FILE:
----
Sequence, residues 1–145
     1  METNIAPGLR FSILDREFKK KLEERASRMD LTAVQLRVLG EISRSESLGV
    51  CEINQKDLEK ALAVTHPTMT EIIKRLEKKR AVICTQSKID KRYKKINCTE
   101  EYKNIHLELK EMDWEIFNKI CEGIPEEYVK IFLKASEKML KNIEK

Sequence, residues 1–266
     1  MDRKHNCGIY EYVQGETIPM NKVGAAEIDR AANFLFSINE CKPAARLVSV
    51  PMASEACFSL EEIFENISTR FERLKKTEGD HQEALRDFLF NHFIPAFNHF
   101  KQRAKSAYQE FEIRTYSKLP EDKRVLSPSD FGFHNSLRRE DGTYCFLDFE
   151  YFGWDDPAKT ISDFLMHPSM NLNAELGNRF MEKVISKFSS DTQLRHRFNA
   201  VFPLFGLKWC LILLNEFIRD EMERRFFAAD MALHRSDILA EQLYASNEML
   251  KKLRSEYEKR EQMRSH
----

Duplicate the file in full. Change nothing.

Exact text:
Sequence, residues 1–145
     1  METNIAPGLR FSILDREFKK KLEERASRMD LTAVQLRVLG EISRSESLGV
    51  CEINQKDLEK ALAVTHPTMT EIIKRLEKKR AVICTQSKID KRYKKINCTE
   101  EYKNIHLELK EMDWEIFNKI CEGIPEEYVK IFLKASEKML KNIEK

Sequence, residues 1–266
     1  MDRKHNCGIY EYVQGETIPM NKVGAAEIDR AANFLFSINE CKPAARLVSV
    51  PMASEACFSL EEIFENISTR FERLKKTEGD HQEALRDFLF NHFIPAFNHF
   101  KQRAKSAYQE FEIRTYSKLP EDKRVLSPSD FGFHNSLRRE DGTYCFLDFE
   151  YFGWDDPAKT ISDFLMHPSM NLNAELGNRF MEKVISKFSS DTQLRHRFNA
   201  VFPLFGLKWC LILLNEFIRD EMERRFFAAD MALHRSDILA EQLYASNEML
   251  KKLRSEYEKR EQMRSH